The port city of Odessa, first settled in 1794, has always been a cosmopolitan gathering place. People of many nationalities brought creative thinking, trade, and progressive ideas to this city far from the center of political power. Alexander Pushkin, Isaac Babel, Vladimir Jabotinsky, and Ilya Metchnikoff are among the illustrious thinkers who enjoyed Odessa’s freedom. But Odessa also knew economic depression, lawlessness, plague, and violence. Charles King, professor of international affairs and government at Georgetown University, studies Eastern Europe. This well researched book explores the city’s colorful history, noting that one quarter of its population was Jewish in the 1860’s. Vicious pogroms killed many of them. Much later, when Jews comprised a third of the population, Nazi-allied Romania destroyed Odessa’s Jewish community. The city still retains its mythical status, remembered as the location of Sergei Eisenstein’s Battleship Potemkin and in the diaspora of Brighton Beach, Brooklyn’s “Little Odessa” neighborhood. With illustrations, notes, and extensive bibliography, this fascinating history is both good reading and a valuable research source.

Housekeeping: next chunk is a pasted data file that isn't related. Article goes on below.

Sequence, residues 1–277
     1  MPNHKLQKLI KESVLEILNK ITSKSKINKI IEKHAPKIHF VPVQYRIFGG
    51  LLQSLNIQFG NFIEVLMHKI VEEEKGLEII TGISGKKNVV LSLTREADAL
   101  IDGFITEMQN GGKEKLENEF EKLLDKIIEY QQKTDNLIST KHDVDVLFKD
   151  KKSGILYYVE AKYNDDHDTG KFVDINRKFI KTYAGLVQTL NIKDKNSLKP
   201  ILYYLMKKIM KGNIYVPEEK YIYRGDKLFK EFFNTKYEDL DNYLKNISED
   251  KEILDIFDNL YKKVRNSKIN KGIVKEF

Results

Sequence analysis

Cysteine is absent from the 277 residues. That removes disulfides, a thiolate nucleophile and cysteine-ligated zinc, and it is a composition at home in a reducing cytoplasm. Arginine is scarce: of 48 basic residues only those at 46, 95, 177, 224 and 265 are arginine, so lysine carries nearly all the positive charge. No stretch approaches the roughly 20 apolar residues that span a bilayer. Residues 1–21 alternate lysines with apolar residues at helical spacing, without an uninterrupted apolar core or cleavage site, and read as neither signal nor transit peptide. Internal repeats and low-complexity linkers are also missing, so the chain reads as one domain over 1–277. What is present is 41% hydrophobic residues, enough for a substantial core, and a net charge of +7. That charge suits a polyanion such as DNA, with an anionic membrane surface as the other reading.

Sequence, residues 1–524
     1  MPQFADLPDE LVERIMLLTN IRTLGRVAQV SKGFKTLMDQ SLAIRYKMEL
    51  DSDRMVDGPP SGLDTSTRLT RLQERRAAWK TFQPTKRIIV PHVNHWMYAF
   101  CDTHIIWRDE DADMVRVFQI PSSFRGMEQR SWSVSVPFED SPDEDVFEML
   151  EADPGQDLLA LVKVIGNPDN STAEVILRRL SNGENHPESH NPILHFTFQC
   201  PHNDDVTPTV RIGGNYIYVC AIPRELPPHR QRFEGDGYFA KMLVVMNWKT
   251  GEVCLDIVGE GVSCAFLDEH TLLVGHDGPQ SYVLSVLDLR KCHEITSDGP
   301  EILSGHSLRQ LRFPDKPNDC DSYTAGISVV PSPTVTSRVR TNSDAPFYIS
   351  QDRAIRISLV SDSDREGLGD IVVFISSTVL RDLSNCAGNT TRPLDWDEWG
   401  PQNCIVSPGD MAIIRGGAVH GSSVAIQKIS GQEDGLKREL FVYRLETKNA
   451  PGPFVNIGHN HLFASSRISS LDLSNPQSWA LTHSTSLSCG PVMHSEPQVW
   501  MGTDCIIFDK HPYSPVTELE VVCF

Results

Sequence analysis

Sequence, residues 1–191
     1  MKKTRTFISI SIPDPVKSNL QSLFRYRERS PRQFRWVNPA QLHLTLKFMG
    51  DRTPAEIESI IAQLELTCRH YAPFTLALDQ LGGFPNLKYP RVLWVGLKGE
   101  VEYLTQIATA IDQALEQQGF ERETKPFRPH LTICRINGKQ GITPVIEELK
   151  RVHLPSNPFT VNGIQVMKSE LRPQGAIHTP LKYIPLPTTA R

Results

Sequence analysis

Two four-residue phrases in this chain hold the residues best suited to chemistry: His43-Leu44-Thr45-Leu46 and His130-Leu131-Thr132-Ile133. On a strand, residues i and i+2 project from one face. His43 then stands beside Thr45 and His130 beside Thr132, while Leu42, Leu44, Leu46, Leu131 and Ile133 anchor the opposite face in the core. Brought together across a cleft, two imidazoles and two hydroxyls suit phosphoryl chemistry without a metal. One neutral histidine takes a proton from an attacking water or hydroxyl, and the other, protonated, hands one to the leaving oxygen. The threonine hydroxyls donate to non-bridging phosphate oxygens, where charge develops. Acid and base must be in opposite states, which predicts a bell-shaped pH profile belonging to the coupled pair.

Barbara M. Bibel is a librarian at the Oakland Public Library in Oakland, CA; and at Congregation Netivot Shalom, Berkeley, CA.